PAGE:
Mihaela Otto is shown as having been found on the platform side with Inhab Slimane, Lee Harris, Samantha Badham, Arthur Frederick and Karolina Gluck located on the opposite side in the narrow space between the train and the tunnel wall.
This in itself seems surprising. Given that the explosion took place near double doors on the platform side of the carriage it would surely have been more likely for the majority of the bodies to have exited there?
There is no doubt whatsoever that the carriage was packed and congested. Many passengers testified to this in their statements.
Sharon Broome, a senior forensic case officer submitted a written report as an expert witness which was read to the court on the 2nd February. In this [page 54:25] she confirmed that “the explosion occurred within a packed commuter train” and that “The relatively localised nature of the damage observed within the carriage is due in part to the explosive force having been absorbed by the people present at the site of the explosion”. [55:9-12]
The schematic diagram (INQ10283-10) confirms that every seat in the carriage was occupied with seven survivors identified from the passengers who were standing in the area between double doors D5 and D6.
Tragically many others who were standing in that location did not survive. It is apparent that there must have been a large number of passengers located between the bomb and D6 and that they would have caught the full effects of the explosion. Yet, if the official version is correct, D6 must have been so damaged that the five mentioned above were blown out through it. Admittedly many of the windows may have been blown out but it seems highly improbable that the victims would have been catapulted out of these over the heads of the seated passengers!
David Boyce, a station supervisor at Russell Square, giving evidence on the 1st December described entering the train and the scenes that he encountered. Despite it being put to him by Hugo Keith QC that “The doors had been blown away by the force of the explosion had they not?” [120:17] he maintained that the doors were there, but that they were buckled.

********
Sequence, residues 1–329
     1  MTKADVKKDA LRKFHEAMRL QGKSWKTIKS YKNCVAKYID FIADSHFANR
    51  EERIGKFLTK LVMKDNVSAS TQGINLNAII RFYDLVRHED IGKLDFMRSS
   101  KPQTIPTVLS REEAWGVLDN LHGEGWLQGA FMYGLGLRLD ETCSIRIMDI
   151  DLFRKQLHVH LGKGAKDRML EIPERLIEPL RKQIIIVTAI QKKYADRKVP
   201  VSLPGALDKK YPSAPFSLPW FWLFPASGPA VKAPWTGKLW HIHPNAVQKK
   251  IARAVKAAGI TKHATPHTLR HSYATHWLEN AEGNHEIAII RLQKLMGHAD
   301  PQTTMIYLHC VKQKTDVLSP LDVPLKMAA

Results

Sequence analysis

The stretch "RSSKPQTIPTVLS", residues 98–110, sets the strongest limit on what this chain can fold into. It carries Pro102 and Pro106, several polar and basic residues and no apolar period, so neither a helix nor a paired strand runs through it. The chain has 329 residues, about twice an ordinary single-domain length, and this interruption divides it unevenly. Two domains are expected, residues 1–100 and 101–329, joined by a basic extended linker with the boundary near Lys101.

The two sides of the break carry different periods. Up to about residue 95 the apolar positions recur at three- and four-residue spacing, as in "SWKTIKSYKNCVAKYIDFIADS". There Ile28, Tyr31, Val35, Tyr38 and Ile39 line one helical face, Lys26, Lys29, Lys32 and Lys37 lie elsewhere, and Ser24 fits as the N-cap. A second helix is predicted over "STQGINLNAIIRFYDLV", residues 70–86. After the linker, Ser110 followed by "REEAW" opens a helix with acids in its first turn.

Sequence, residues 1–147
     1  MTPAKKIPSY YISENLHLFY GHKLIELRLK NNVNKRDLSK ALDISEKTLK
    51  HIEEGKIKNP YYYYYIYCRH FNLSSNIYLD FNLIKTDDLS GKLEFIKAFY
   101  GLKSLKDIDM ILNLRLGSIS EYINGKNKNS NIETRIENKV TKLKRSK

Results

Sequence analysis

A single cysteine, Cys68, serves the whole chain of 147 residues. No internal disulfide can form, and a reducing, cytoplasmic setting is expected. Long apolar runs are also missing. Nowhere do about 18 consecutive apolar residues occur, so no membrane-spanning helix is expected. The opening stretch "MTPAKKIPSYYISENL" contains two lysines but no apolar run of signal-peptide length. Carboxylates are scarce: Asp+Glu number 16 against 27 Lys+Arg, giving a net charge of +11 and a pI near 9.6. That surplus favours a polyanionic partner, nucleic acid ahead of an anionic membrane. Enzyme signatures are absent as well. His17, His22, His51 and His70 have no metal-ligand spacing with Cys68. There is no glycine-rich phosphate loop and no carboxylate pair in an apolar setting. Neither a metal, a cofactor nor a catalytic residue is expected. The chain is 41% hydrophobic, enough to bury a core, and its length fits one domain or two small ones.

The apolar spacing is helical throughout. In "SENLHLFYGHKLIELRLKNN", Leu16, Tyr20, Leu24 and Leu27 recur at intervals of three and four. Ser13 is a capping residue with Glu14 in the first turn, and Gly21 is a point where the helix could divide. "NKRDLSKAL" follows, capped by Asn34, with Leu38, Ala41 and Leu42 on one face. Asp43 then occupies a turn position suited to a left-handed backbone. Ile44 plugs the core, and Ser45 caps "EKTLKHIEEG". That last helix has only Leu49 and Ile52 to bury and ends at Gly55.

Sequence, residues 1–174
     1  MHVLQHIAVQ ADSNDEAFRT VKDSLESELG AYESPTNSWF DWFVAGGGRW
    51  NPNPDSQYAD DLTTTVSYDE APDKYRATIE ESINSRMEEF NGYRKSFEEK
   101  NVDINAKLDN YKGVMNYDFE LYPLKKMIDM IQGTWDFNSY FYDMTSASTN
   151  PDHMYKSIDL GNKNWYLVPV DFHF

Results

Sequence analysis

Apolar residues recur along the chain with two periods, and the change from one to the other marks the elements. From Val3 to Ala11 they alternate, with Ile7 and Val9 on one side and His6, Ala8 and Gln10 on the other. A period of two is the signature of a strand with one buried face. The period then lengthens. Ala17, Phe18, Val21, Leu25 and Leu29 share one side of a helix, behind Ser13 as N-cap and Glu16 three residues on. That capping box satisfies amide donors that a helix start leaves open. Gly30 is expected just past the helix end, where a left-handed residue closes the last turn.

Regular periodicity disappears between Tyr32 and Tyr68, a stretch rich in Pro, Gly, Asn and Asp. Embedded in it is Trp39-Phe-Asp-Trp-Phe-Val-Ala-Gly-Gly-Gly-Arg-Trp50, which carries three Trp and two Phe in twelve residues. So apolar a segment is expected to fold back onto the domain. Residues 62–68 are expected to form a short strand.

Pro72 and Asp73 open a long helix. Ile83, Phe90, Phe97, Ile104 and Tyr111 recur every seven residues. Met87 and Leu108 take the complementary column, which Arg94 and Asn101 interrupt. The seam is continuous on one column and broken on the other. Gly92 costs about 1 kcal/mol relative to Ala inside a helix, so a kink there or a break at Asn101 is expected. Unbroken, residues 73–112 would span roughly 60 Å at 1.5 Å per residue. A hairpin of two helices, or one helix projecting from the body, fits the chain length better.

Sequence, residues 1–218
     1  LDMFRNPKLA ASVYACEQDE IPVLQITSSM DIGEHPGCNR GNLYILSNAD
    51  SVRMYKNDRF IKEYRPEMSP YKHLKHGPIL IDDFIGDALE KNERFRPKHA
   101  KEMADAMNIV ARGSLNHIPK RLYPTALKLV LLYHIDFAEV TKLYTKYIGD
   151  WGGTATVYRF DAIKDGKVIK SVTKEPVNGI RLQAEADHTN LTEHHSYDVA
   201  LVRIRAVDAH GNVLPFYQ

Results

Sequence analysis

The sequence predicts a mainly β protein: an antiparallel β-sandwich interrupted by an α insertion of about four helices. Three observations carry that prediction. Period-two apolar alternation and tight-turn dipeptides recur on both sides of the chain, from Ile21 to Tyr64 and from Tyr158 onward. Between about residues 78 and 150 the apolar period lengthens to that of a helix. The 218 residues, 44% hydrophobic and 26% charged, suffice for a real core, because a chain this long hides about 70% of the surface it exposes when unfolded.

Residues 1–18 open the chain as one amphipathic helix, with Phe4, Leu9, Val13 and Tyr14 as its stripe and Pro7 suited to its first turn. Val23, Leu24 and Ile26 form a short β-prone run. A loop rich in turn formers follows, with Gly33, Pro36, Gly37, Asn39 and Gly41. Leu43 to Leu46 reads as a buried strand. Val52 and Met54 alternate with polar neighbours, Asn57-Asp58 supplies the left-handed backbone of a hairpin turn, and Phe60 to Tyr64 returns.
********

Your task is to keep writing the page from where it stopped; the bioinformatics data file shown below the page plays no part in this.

Patrick Barnes, a passenger, gave a statement on the 25th November 2005 which was read to the inquest on the morning of the 6th December. He described making his way to the front of the carriage as “There was no way of getting out either side as they were closed”. [110:3-5]
A witness to the London Assembly Review Committee, 'George', who was also a passenger in the carriage stated “There were people saying get the doors open. We will smash the doors. Somebody tried to get the door open where I had my back up against but they soon gave up because I think the pressure was still on the actual door mechanism, and they gave up.” [page 128]
In a statement that was read to the Inquest on the 17th January, a month after the Piccadilly Line evidence had been concluded, Peter Sanders, who was a group station manager based at Kings Cross, recalled going into “what I thought was the front car. I could see a door had been blown off and the other one was hanging loose, I assisted in removing this door.”[54:14-16] This certainly seems to have been a remarkable demonstration of concern for his employer's property given that the the carriage was devastated by the effects of the bomb, in semi-darkness and strewn with dead bodies and body parts!
Possibly the explanation is that Mr Sanders was describing another carriage. A colleague of his, Simon Cook, recalled during his evidence on the 6th December, that he had had a meeting with him “in the area of the crossover”. Then when asked if he recalled. “any other London Underground staff other than yourself and Mr Chaudhury” being in the first carriage, not the remainder of the train or the crossover, Mr Cook replied “I don't recall any other underground staff being in the first carriage, no”.[48:23-24]